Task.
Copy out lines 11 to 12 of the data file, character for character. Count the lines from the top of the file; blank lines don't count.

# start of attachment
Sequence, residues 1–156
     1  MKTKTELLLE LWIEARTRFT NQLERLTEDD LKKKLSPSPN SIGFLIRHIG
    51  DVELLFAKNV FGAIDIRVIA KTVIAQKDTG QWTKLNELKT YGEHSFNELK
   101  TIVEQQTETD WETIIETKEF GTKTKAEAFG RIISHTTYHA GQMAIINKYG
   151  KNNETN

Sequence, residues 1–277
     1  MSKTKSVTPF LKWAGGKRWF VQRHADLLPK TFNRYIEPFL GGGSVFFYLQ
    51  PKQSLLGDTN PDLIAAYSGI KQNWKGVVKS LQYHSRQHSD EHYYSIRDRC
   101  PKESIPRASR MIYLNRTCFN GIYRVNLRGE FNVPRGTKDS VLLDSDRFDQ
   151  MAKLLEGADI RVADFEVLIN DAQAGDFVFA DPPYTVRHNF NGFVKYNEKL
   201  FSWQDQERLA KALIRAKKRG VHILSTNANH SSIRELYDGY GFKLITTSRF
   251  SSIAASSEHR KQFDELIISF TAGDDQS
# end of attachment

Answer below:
   201  FSWQDQERLA KALIRAKKRG VHILSTNANH SSIRELYDGY GFKLITTSRF
   251  SSIAASSEHR KQFDELIISF TAGDDQS